Consilience by Edward O. Wilson

Harvard biologist Edward O. Wilson ( argues for the position that there must be a fundamental unity to all truth across the sciences and humanities. This is a noble vision. Wilson sees its origin in the Ionian Greek belief that the cosmos is an orderly whole running by laws discoverable in thought. His own inspiration is the commitment of the 18th-century Enlightenment to enlisting secular knowledge in the advancement of human welfare and rights. What opened the prospect for modernity was the Scientific Revolution of the 16th and 17th centuries. The success of science in Europe then, and thereafter throughout the world, was owing to the fortunate concatenation of three features in the capacity of fine minds: insatiable curiosity, the power of abstraction, mathematical reasoning applied to natural phenomena. All phenomena, finally, are reducible to laws of physics that transcend cultural differences.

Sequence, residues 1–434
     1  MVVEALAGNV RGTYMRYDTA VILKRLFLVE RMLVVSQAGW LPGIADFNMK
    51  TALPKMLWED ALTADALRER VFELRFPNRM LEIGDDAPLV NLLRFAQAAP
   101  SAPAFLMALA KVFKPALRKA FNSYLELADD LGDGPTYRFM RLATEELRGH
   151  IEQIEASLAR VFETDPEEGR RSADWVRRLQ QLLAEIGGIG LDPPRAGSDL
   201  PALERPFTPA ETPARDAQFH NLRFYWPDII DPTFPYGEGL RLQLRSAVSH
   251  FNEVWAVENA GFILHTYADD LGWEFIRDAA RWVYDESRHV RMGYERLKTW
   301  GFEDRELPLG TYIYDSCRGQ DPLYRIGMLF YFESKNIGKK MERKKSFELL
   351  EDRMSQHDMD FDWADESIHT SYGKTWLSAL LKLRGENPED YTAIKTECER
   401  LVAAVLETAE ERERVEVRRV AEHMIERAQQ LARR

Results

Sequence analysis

For a sophisticated attack on Wilson’s reasoning have a read at Jerry Fodor’s London Review of Books article ( in October 1998. See what you think.

384 pages in Abacus paperback edition.

ISBN 978-0349111124

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